Facing a popular uprising, Egypt's president fired his Cabinet early Saturday after protesters engulfed his country in chaos - battling police with stones and firebombs, burning down the ruling party headquarters and defying a night curfew enforced by the army.
In a nationally televised address at midnight, President Hosni Mubarak made vague promises of social reform but did not offer to step down himself. He also defended his security forces - outraging protesters calling for an end to his nearly 30-year regime.
"We want Mubarak to go and instead he is digging in further," protester Kamal Mohammad said. "He thinks it is calming down the situation but he is just angering people more."
Pouring onto the streets after Friday noon prayers, protesters ignored extreme government measures that included cutting off the Internet and mobile-phone services in Cairo and other areas, calling the army into the streets and imposing a nationwide nighttime curfew.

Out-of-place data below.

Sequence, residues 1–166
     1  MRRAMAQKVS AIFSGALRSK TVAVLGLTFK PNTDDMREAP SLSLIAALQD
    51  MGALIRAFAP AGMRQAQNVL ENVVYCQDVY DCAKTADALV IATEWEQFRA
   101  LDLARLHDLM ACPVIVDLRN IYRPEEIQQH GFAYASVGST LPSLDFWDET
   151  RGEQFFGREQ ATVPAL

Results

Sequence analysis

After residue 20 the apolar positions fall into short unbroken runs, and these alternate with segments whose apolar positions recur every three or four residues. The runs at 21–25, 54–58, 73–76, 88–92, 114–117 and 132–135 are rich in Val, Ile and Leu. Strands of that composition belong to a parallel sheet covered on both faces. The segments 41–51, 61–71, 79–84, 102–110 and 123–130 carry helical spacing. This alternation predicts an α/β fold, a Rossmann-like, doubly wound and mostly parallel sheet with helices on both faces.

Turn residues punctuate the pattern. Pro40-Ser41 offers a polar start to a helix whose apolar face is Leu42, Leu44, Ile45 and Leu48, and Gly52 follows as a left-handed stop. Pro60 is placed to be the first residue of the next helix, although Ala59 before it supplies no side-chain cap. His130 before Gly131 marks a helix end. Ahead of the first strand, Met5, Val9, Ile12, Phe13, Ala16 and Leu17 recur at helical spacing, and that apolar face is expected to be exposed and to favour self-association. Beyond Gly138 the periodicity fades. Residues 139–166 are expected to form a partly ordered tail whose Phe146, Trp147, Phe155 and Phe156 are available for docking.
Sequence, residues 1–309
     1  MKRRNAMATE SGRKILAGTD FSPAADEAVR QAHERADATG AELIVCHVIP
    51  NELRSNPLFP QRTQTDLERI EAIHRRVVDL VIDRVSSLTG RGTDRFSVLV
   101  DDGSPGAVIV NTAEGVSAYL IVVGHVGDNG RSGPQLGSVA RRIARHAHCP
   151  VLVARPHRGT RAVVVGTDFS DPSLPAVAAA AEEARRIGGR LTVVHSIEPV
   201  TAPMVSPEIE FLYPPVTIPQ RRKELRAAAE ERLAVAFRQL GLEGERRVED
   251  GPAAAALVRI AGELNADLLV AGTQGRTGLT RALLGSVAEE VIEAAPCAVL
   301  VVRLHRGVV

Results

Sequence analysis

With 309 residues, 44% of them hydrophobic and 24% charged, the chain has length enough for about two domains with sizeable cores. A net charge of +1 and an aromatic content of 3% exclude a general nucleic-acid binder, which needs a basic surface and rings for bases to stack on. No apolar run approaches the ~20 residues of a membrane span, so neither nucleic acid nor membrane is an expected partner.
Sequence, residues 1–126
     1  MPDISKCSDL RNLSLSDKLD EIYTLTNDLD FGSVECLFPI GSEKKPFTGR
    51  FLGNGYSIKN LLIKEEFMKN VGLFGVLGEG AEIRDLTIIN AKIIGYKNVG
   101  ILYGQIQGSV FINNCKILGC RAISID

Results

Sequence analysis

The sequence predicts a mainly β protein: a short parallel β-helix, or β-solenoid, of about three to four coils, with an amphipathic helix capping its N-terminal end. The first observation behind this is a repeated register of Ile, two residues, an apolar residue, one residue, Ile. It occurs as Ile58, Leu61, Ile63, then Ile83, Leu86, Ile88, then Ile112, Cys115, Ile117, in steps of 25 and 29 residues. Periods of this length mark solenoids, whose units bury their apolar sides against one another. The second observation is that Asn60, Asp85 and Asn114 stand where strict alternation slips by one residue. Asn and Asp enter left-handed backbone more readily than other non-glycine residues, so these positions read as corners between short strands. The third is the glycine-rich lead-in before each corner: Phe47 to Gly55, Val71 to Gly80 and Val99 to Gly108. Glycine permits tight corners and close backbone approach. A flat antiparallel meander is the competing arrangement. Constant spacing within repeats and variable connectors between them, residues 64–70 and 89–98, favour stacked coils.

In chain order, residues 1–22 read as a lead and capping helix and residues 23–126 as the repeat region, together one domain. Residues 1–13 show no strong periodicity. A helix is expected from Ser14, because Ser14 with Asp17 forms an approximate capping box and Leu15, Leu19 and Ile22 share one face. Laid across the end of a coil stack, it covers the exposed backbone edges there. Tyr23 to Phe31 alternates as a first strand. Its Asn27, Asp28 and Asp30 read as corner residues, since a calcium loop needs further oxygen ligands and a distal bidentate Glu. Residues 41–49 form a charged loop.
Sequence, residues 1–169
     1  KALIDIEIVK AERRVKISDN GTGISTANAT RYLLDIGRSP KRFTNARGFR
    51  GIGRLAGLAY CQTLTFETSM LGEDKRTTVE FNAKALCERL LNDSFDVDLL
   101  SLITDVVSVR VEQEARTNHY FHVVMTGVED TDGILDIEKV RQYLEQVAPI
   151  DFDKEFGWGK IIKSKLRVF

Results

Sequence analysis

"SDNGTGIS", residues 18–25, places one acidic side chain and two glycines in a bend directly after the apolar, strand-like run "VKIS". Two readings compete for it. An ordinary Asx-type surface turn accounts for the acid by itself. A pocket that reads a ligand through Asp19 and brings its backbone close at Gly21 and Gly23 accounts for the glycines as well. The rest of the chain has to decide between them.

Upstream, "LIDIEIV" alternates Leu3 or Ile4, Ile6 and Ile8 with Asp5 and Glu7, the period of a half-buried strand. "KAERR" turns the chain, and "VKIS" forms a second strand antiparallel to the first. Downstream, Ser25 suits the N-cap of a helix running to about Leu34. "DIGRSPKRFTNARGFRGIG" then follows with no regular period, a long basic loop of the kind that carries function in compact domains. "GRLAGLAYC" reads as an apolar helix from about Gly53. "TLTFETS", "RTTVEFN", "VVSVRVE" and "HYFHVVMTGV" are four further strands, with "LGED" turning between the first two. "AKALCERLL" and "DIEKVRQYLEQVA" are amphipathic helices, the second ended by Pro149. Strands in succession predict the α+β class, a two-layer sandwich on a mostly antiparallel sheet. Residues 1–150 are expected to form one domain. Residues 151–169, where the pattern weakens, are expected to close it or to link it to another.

Egypt's crackdown on demonstrators drew harsh criticism from the Obama administration and even a threat Friday to reduce a $1.5 billion foreign aid program if Washington's most important Arab ally escalates the use of force.
Stepping up the pressure, President Barack Obama told a news conference he called Mubarak immediately after his TV address and urged the Egyptian leader to take "concrete steps" to expand rights and refrain from violence against protesters.